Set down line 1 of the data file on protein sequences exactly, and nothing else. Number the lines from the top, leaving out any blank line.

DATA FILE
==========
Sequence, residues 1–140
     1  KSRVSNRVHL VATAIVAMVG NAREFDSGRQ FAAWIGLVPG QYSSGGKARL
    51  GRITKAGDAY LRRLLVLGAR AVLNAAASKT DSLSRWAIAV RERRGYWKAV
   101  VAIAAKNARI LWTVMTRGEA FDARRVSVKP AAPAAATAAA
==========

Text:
Sequence, residues 1–140